But you would think that two hours of nearly nonstop shouting, kicking over vases, affronting the mores of capitalism and frothing at the succulently lipsticked mouth would grate on your nerves, but Zulawski is such a master of pace and rhythm that he never gets you too worn out or cranky. And what works too is that though these guys are all insane–and maybe this is just the French way–all the passers-by and authority figures go along with their gags; everyone’s got a sense of humor and when a crazy Marxist sticks a gun to your temple in Zulawsksi country, it’s considered declasse‘ to panic or plead. One must do the right thing and smile and pat the man’s hand in encouragement and go into a calm, submissive state (Dog Whisperer, Cesar Milan). Sudden gunfights erupt, cars get smashed and people run around throwing smoke bombs and breaking windows and all it gets from the gendarmes is that famous Parisian shrug. What ever happened to these kind of films?



Adisakdi Tantimedh for Bleeding Cool:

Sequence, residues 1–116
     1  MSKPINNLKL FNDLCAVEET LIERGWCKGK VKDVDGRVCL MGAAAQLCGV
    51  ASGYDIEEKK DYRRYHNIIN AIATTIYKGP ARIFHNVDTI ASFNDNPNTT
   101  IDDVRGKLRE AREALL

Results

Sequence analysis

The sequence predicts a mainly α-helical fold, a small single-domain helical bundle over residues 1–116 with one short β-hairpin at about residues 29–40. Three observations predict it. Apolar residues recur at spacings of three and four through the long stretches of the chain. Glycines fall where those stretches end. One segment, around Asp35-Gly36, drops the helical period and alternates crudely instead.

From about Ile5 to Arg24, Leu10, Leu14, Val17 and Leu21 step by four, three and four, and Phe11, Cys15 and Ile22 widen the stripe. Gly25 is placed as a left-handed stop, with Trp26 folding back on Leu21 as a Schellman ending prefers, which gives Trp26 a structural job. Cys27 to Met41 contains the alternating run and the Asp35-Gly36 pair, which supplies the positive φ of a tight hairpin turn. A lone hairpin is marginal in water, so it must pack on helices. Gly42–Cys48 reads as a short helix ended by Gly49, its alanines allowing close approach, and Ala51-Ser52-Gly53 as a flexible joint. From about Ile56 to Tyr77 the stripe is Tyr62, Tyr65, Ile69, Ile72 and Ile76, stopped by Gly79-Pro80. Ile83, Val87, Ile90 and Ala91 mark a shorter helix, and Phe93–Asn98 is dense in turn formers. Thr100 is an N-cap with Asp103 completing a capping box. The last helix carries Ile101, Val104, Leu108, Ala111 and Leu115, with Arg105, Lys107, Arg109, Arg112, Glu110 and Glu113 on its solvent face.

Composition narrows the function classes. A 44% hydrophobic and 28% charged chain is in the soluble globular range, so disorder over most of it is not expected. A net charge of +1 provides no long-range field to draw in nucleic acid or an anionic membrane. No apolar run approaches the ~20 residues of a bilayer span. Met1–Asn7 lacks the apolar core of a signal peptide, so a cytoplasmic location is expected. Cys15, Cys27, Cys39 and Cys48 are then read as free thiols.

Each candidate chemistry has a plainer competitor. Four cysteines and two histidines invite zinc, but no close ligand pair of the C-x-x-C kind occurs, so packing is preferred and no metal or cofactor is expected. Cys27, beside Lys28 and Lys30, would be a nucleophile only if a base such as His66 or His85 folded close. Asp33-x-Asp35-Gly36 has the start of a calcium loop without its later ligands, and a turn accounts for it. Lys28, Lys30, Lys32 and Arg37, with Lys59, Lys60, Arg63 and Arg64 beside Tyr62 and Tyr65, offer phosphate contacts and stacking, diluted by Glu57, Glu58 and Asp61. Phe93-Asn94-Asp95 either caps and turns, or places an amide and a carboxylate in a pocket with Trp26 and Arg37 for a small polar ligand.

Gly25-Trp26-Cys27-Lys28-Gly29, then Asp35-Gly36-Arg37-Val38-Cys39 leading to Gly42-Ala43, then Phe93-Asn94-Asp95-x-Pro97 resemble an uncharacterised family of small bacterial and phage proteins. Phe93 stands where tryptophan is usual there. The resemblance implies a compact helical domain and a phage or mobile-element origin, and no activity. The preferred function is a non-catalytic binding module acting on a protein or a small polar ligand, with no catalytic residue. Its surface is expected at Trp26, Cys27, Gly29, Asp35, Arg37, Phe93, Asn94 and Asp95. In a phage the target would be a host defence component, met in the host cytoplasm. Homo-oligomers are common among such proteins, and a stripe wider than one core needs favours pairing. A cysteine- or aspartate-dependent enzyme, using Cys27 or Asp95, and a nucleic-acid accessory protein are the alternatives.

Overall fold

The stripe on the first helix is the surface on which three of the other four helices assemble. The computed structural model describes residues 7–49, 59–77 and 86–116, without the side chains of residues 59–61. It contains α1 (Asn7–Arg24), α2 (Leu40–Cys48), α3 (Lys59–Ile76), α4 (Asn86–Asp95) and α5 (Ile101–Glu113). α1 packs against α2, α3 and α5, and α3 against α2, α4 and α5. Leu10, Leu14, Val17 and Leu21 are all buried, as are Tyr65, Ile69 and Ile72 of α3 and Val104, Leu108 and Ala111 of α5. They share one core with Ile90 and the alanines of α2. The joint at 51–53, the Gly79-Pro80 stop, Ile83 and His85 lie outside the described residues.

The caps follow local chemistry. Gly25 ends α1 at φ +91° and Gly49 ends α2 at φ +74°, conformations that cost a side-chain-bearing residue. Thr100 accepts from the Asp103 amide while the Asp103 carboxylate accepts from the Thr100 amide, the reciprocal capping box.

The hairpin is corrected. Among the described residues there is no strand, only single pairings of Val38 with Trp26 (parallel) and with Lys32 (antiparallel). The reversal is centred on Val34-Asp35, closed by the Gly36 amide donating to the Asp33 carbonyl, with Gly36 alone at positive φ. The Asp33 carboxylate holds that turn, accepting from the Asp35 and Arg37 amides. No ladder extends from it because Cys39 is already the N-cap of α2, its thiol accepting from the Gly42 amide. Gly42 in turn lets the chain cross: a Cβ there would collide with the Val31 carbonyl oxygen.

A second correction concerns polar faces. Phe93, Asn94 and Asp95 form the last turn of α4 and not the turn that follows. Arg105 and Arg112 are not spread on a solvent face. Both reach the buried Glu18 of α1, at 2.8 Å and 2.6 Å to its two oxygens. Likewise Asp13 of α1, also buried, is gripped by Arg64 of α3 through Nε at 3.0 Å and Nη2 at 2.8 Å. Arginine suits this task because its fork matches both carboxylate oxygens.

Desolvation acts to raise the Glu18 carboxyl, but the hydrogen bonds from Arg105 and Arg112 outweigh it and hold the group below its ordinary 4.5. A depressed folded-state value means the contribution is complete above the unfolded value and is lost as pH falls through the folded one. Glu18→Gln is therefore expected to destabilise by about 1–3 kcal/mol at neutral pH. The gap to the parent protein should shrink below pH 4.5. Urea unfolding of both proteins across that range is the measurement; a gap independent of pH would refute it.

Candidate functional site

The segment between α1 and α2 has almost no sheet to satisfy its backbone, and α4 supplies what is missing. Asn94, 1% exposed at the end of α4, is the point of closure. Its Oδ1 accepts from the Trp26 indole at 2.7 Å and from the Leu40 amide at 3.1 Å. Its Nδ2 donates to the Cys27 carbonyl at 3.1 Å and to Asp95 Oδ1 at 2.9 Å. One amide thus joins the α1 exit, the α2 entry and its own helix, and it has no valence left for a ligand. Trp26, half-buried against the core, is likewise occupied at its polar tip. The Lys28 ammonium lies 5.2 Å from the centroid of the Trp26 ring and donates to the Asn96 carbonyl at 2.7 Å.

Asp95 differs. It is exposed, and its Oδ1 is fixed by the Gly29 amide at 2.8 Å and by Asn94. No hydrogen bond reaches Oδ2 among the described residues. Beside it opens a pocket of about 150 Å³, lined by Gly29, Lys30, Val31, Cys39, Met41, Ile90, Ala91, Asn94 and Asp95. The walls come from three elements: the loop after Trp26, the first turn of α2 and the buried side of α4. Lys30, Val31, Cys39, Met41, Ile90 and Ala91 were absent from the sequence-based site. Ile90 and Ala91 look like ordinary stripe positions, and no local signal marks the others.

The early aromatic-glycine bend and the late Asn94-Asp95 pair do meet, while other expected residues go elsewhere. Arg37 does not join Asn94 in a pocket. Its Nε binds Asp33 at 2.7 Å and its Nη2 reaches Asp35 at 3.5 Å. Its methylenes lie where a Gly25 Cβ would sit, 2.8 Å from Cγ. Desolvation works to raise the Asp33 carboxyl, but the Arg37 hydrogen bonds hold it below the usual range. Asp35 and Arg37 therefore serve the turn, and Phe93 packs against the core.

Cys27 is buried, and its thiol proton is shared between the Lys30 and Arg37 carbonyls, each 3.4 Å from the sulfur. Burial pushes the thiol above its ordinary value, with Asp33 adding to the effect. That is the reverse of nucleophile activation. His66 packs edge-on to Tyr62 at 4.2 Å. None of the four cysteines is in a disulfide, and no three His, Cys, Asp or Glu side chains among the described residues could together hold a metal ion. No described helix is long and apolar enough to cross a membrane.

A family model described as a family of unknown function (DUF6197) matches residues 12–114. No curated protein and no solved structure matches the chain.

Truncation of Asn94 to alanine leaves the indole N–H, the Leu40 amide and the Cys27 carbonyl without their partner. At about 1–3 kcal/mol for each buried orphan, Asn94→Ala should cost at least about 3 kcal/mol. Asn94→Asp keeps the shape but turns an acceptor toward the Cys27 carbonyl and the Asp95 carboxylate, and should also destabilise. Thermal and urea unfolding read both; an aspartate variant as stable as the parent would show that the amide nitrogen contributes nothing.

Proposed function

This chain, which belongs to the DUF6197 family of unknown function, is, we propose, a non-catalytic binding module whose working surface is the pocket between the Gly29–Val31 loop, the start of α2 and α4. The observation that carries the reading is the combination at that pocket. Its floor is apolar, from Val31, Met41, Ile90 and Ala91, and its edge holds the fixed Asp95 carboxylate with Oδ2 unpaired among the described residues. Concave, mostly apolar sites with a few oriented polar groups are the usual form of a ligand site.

A completely bugfuck adaptation of Dostoyevski’s The Idiot that relocates the story to contemporary Paris with bank robbers and gangsters, it was the movie that made Sophie Marceau a star in France and she also ended up living with Zulawski for the next 17 years. I could almost picture a pitch meeting: “It’s The Idiot, only the innocent, saintly “idiot” is a bank robber with a heart of gold, his evil best friend is a gangster and the woman they both fall in love with is a femme fatale!” Come to think of it, I’m surprised Hollywood hasn’t tried to do a straight version of this pitch, but Zulawski’s adaptation is anything but straight. The obsessive love triangle at the heart of The Idiot seemed to give Zulawski the perfect vehicle on which to hang his recurring themes: the destructive, screaming, psychotic nature of Love. There’s a feeling of sheer fucking insanity throughout the movie and I think that’s Zulawski’s point about Love. Zulawski draws on different references in filmmaking, taking his cues from comics, Eastern European theatrical theory that favoured intense and unrestrained primal screaming from the actors, the crime genre, Sam Peckinpah and a sly political outlook. Naturalism and realism were completely optional to him: why have people walk into a room and talk to each other when you can have come run in screaming at the top of their lungs, occasionally hit someone and then run out again? Then there are the high-speed car chases and machine gun fights, just because he can. It’s like a parody of what you think European arthouse movies might be if you were on speed. It moves at a frantic pace, there’s nothing slow or lugubrious about it at all, there’s lots of sex, nudity, blood, violence and then there’s the oddball poetic wordplay and puns to keep things from getting too dull. And the thing is, it’s not a mess. It’s made with the utmost planning and calculation – you can’t film those elaborate scenes of actors screaming and fighting with each other in a single take without a lot of preparation. You can’t film a high-speed car chase with shoot-outs and crashes on the streets of Paris without serious planning. This was filmmaking with the utmost discipline, even if the story was completely batshit. If you crossed Michael Bay with Andrei Tarkovsky, you might end up with someone like Zulawsiki. He has a completely unique and comprehensive point of view and he’s managed to get the funding and resources to realize it. And this being France, it’s a hit.